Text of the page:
CEI: EPA Administrator’s Resignation A Good First Step

CEI: EPA Administrator’s Resignation A Good First Step

Lisa Jackson Resignation Follows Email Scandal, Investigation
December 27, 2012

Washington, D.C. – December 27, 2012 –  The Competitive Enterprise Institute released the following statement on the news today that EPA Administrator Lisa Jackson will resign early in the new year:

We believe EPA Administrator Lisa Jackson has chosen the proper course by resigning. As the focus of an investigation by her agency’s own inspector general and inquiries from at least two committees of Congress, she no longer could effectively serve as administrator of the EPA.

We also believe the timing was no accident. She claims to have told President Obama shortly after his re-election she planned to leave in early 2013, but her announcement went public just days after the Justice Department agreed – as a result of a lawsuit filed by CEI – to begin producing 12,000 emails from her “Richard Windsor” alias account. The emails relate to the war on coal Jackson was orchestrating on behalf of President Obama outside the appropriate democratic process.

Unchecked, her use of an alias email account to conduct official business – which CEI Senior Fellow Christopher Horner exposed in his book The Liberal War On Transparency – could set a dangerous precedent in which those who administer massive public agencies attempt to do the peoples’ business using  secret names.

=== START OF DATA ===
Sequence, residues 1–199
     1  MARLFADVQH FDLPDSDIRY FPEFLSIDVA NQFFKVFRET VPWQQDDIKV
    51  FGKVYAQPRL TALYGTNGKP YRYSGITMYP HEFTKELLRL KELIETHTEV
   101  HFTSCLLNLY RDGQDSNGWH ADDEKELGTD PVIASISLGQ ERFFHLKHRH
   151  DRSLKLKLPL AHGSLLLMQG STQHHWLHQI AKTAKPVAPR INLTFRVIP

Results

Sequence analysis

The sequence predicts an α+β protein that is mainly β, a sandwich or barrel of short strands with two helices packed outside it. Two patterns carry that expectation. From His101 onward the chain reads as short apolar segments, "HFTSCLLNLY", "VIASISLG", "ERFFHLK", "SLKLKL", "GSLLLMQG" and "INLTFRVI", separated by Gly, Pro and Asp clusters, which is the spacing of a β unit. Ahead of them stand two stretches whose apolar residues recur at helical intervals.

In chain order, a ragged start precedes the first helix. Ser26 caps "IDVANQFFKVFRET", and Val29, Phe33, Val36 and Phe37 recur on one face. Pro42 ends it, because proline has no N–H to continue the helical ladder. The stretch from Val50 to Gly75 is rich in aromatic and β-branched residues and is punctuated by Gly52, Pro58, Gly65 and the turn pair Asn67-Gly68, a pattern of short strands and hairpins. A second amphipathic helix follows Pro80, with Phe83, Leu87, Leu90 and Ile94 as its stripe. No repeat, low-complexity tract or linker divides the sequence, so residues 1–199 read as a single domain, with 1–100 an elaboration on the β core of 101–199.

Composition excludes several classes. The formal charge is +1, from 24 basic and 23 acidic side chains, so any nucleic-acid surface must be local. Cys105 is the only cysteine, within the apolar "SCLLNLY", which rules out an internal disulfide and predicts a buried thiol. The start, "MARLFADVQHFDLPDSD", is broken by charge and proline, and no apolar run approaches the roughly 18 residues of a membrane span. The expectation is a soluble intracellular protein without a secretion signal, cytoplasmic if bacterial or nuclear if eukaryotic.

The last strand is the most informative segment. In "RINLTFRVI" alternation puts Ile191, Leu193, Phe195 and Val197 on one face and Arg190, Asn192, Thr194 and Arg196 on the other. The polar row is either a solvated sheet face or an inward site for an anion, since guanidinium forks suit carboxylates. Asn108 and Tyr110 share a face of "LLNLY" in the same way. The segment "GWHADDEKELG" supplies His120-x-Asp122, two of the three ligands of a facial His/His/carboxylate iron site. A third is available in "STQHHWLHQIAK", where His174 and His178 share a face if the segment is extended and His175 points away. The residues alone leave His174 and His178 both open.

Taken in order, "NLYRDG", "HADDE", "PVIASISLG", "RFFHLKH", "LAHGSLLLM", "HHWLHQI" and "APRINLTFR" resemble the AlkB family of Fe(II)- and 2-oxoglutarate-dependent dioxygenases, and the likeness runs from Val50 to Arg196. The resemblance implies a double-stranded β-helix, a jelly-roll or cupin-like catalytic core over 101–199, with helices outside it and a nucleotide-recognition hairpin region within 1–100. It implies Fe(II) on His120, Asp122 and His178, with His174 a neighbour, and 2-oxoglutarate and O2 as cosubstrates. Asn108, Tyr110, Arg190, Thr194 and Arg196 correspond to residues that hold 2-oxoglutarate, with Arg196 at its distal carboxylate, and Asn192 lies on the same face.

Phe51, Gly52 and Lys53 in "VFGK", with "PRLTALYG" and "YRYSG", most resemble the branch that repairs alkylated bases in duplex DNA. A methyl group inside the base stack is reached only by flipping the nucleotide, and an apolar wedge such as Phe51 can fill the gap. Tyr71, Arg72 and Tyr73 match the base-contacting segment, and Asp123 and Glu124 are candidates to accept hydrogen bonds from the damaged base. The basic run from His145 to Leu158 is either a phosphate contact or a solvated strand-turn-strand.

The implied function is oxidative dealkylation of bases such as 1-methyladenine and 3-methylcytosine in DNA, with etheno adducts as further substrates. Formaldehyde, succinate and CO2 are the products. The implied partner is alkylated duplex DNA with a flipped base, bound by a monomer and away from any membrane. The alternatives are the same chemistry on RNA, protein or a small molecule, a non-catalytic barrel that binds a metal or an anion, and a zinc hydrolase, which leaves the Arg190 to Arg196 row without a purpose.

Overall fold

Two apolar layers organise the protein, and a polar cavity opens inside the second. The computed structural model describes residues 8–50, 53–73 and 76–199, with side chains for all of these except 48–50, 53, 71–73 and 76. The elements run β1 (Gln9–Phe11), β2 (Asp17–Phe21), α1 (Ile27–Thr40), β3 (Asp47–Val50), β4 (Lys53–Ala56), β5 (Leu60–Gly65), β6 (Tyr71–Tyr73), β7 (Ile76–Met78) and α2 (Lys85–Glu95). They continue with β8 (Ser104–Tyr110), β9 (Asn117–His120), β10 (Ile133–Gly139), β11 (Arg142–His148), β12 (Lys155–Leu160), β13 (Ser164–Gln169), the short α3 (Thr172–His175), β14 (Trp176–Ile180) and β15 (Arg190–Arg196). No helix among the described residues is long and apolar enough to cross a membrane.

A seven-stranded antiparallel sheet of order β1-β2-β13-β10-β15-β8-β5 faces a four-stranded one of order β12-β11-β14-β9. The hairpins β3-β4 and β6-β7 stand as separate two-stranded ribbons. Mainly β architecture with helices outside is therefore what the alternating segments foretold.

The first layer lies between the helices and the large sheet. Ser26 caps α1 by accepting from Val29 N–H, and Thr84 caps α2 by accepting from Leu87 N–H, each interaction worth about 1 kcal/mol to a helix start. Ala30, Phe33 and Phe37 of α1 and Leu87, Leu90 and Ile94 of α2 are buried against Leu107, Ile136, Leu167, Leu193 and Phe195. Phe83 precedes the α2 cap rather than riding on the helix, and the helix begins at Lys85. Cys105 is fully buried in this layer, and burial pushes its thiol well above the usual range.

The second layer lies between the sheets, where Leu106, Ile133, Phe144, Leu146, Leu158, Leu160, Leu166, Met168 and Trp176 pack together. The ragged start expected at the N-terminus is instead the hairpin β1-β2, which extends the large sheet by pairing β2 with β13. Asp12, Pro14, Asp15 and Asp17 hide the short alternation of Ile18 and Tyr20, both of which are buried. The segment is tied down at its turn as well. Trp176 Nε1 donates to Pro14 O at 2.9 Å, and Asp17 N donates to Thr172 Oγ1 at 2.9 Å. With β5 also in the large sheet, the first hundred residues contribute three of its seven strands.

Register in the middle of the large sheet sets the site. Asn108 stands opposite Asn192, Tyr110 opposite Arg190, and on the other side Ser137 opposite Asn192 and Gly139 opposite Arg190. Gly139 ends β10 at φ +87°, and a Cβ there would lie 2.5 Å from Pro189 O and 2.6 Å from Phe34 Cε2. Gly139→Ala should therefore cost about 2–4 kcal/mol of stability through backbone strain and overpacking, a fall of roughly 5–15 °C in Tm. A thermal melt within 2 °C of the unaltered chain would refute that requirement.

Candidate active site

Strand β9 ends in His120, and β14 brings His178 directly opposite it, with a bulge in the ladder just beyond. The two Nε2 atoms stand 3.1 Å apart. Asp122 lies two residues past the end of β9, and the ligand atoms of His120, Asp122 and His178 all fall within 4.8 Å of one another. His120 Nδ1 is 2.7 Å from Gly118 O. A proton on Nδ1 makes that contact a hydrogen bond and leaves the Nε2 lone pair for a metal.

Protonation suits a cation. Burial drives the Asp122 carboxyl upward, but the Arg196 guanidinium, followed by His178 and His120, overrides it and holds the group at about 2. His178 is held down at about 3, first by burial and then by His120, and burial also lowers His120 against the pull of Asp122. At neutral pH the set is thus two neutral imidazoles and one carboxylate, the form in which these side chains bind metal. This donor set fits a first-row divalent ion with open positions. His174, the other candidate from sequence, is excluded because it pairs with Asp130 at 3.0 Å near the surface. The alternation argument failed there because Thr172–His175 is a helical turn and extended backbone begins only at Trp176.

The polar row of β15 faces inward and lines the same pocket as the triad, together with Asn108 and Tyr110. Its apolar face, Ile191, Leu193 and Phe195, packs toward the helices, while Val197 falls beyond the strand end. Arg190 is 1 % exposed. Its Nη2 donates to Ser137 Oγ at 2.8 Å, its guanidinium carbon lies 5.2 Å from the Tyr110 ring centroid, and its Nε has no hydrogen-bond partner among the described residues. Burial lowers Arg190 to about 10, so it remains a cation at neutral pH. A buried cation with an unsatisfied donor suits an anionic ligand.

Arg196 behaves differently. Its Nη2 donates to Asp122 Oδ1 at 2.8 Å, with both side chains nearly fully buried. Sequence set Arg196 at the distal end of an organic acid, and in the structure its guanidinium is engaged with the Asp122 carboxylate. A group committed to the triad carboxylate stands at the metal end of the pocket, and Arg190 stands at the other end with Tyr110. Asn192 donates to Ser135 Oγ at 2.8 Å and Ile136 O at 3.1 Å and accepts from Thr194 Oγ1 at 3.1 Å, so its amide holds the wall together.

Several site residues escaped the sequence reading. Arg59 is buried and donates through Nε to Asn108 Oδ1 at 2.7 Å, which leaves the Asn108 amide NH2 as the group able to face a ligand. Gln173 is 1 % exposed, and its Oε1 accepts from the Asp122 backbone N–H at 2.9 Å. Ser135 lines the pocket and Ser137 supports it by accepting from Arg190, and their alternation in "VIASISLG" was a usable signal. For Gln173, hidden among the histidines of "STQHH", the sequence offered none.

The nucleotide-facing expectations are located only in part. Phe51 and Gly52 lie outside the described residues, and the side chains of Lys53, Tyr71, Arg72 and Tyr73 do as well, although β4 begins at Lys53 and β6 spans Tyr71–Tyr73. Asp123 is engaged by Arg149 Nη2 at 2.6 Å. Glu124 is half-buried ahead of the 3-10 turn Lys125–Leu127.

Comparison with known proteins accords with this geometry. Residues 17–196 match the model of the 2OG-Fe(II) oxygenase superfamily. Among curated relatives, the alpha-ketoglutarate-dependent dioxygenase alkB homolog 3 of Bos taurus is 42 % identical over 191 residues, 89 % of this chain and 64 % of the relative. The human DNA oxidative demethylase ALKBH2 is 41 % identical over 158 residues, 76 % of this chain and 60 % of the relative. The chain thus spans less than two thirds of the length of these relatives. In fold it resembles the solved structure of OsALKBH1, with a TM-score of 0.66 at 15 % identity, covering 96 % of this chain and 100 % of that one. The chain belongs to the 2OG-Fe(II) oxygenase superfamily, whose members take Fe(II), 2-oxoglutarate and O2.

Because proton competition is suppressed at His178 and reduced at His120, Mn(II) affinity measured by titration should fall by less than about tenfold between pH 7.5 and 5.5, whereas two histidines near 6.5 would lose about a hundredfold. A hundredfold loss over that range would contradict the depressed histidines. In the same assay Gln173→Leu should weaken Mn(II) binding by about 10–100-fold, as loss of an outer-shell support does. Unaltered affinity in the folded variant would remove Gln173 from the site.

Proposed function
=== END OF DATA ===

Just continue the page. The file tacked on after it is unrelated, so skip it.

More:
But this scandal cannot end with Jackson’s resignation. She appears to have illegally evaded deliberative procedures and transparency requirements set in law – as did the federal appointees and career employees with whom she communicated through her alias email account. She must be held to account, as must those others – both to assure the peoples’ business is done in public and to send a signal to other high-level government officials this conduct cannot and will not be tolerated.

Meanwhile, CEI will continue to try to get to the bottom of Jackson’s efforts to evade public scrutiny of her actions. We have and will continue to pursue what we have determined to be widespread similar behavior including private email accounts, private computers and privately owned computer servers used to hide discussions that, by law, must be open to scrutiny and be part of the public record. The administration has admitted the agency has destroyed documents in apparent violation of the federal criminal code, and we intend to continue to investigate and expose these attempts to hide the agency’s actions.